In July, a new way to acquire cards was introduced. During Nexus Events, players could spend gold, Marvel Snap’s premium currency, for a chance to receive credits, cosmetic items, and two new cards. The two cards introduced in the first Nexus Event, Destroyer and Jane Foster, The Mighty Thor, could only be earned through this loot box system at the time, and had an exceptionally low pull rate of only 1.5 percent. Players were furious with this system, which seemed to betray the studio’s promise that Marvel Snap would be fair and avoid pay-to-win systems. Two weeks after introducing Nexus Events, Second Dinner removed it from the shop, refunded everyone’s gold, and gave away the Jane Foster card for free. “It was a model we’ve seen in lots of other games,” Brode says. “But it was immediately obvious that it was not at all the right fit for this game and these players. [This is] one nice thing about being at a small studio. Big studios are big ships, and while it’s nice to be on a big ship sometimes because you can’t tell when there’s waves, it’s also hard to turn a big ship. With a small studio you can pivot super quickly.

“The stakeholders are all of us in this one room. We just said ‘Look, is this the game we want to make, or do we want to do something else? Everyone said the players are right, this is not it, let’s do something else. We moved as quickly as we could to rip it out and we got it out within two weeks. I feel good about that.”

Marvel Snap launches globally on October 18 during the game’s fifth monthly season. Brode says the team is working on multiple updates that are releasing soon, including balance changes and new content. Right now you can only queue up to play against random opponents, but the team is working on a way for players to match with their friends – a feature Brode says is necessary before they can start working on their version of a competitive mode and organized play. Marvel Snap is in a great place going into launch, the biggest challenge the studio faces now, according to Brode, is figuring out how to make their ambitions a reality. “We have huge dreams,” he says. “We have a lot of ideas for how we can continue to grow and expand the game. We’re kind of wading into some unknown water here. We’re going into a global launch for the first time for our first game as a studio. We want to be able to ramp up into that moment.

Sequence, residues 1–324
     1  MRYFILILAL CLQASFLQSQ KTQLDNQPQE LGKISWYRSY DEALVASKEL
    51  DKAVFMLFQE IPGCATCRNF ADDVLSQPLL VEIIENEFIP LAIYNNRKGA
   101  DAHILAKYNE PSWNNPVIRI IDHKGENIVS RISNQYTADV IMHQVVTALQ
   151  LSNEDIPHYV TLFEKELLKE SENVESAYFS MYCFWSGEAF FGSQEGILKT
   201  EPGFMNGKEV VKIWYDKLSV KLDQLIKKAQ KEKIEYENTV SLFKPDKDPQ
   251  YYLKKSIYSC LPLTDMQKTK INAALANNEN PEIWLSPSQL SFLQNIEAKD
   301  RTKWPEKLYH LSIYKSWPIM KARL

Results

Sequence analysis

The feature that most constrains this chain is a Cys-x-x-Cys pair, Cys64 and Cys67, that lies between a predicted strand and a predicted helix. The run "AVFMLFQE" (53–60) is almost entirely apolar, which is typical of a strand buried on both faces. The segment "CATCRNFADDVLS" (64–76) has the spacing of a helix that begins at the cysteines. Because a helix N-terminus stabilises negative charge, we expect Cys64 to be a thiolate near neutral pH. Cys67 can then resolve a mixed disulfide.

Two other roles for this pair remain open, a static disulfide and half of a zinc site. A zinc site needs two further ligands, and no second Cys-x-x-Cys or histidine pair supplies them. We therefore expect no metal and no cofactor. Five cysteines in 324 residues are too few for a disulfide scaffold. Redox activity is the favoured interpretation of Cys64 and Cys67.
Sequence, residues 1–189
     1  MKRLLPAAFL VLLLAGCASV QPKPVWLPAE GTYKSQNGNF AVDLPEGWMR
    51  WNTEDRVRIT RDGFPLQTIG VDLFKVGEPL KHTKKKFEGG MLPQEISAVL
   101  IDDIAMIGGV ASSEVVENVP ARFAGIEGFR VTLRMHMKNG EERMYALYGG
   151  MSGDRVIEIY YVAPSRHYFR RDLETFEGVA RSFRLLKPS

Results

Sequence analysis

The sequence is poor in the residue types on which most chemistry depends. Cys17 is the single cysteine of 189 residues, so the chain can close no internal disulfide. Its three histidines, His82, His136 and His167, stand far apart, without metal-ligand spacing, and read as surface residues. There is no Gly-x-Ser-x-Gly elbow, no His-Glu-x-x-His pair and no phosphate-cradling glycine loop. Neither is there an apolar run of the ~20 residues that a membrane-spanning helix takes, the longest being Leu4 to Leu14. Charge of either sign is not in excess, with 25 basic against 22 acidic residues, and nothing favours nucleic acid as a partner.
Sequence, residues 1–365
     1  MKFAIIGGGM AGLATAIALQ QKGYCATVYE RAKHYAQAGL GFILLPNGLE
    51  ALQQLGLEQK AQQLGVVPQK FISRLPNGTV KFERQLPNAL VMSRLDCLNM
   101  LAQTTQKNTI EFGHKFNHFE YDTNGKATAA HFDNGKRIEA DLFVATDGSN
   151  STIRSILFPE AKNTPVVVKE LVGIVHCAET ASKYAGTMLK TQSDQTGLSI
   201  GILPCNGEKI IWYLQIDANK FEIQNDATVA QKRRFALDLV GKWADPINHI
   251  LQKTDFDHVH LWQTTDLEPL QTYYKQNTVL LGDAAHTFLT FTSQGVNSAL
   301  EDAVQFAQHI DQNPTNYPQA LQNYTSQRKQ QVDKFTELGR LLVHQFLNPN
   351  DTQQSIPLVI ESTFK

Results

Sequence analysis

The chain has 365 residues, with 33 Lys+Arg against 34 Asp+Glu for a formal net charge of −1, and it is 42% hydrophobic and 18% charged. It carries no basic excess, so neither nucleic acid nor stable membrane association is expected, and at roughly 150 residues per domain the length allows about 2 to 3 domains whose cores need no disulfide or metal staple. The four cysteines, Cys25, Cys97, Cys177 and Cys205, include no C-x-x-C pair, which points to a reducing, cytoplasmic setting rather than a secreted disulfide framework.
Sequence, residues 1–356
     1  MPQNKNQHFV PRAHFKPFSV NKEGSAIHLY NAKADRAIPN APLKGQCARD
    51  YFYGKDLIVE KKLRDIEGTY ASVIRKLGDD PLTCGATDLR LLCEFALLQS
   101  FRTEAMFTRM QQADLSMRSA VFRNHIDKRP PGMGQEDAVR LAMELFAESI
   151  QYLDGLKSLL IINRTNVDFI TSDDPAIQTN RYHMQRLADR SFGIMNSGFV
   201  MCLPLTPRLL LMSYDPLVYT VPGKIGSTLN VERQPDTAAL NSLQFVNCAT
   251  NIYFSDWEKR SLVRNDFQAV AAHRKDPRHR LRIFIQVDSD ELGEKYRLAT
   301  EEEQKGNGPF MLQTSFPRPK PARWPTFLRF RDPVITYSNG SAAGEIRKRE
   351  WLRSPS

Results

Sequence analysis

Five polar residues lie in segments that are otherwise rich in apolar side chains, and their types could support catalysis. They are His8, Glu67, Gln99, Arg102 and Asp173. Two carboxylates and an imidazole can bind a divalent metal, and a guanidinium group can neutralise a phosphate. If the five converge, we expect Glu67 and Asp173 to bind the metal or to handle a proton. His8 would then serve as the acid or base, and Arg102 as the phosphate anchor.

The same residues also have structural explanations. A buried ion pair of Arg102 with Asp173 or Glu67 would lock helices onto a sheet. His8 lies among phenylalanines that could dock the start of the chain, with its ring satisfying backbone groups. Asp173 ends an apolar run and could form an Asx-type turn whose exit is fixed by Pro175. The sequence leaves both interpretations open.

“We’re trying to find the right pace for our studio so that we make sure we meet the expectations of players who love the game and want to see more of it. [We want to] increase our pace and really get rolling. It’s a really exciting challenge for us because four years ago we were five people, later we were ten, now we’re at 55. We’re continuing to grow to support this humongous game.

“Launch is just the beginning,” Brode says. “We have a huge amount of plans that we’re really, really excited about.”